Previous owners and interested investors, including East Los Angeles native and former boxing champion Oscar de la Hoya, at different times expressed enthusiasm for developing the multi-story building and tower, only to walk away.
Shomof and Pustilnikov are the latest to express excitement for a development they say will benefit all of Boyle Heights. Residents will no longer have to go to Montebello, Pasadena or other areas to spend their money, because “we are going to have restaurants and shops” that will keep tax dollars in the community, Pustilnikov told the audience.
Ulisses Sanchez, with the social media and web communications firm Centro Strategies, moderated Saturday’s meeting. He told EGP that many people in Boyle Heights fear gentrification. “We have to explain a lot of the misconceptions” and address those fears, he said.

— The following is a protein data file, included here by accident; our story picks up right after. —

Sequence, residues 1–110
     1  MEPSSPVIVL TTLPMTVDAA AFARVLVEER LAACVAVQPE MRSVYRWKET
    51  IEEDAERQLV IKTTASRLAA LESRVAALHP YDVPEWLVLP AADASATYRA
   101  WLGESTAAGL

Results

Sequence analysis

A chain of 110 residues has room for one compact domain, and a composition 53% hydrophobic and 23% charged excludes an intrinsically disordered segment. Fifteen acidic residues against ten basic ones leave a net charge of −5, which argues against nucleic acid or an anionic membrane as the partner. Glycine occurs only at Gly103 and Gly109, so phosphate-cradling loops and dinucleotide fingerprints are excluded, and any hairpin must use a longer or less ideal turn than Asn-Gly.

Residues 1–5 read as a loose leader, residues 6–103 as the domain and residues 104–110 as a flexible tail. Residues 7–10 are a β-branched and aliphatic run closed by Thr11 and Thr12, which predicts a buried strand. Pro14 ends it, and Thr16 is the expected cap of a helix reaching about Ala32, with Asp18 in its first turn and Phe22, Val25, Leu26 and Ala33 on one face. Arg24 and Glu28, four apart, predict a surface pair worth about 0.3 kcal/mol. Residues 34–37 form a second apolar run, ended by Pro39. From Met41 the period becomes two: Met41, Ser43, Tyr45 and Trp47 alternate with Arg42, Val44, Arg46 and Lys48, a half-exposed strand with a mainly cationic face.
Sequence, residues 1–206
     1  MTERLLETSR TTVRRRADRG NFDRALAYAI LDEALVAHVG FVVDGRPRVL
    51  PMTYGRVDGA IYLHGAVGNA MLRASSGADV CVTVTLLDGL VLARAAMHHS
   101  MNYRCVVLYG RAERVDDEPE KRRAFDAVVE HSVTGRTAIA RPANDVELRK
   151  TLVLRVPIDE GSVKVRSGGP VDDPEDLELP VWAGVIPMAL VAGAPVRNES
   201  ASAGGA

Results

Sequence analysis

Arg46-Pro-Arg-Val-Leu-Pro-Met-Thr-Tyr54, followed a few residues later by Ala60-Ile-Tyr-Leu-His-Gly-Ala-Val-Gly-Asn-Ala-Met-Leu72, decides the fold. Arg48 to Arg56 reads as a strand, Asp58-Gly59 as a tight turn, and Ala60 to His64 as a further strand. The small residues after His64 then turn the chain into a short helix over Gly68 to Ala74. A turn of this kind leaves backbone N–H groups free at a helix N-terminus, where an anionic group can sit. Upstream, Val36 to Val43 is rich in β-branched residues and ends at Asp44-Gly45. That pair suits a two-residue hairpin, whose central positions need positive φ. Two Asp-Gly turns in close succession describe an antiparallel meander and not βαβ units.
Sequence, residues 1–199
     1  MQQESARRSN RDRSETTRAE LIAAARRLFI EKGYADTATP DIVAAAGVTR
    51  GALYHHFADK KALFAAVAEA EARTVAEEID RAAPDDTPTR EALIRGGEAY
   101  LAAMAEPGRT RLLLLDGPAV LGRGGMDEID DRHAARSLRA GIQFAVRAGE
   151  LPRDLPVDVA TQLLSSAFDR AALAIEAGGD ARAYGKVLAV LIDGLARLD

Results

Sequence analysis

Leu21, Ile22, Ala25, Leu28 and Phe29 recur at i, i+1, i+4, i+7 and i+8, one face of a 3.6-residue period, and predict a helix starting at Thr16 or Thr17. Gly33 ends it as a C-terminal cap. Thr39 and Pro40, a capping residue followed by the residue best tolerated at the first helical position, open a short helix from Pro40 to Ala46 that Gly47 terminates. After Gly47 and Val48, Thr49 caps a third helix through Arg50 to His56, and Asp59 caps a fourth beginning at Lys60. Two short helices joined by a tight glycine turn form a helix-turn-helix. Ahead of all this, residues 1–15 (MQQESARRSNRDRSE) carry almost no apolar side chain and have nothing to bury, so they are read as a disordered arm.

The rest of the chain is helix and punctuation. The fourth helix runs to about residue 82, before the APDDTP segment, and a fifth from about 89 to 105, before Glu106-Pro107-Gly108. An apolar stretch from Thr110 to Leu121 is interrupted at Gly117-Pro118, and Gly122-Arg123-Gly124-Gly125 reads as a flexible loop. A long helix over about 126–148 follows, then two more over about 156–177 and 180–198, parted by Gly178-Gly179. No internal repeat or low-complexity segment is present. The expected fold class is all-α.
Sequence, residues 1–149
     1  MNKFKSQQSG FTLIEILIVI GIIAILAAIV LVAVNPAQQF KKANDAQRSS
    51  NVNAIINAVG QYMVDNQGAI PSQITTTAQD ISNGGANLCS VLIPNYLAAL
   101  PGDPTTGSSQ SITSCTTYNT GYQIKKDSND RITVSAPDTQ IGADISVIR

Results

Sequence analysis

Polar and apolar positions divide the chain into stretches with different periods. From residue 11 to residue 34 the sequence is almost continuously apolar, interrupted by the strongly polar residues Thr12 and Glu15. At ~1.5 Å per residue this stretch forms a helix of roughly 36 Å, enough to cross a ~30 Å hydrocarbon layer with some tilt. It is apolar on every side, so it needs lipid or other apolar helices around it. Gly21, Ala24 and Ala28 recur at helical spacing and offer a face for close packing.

Resident Alejandrina Nunez thinks the developers are on the right track and urged her neighbors to “think about our children who will one day be professionals and want to live a better life,” but should not have to move far away to get it.
“Why do they leave? Because they don’t like where they live, because they don’t have a nicer place here,” she said.
As a privately held company, the developer in theory does not have to include affordable or low-income housing, but in reality, their plans will still require the approval of city planning officials and the city council, which will require that they address the development’s impact on the surrounding community, including traffic and parking, and to seek input from the community.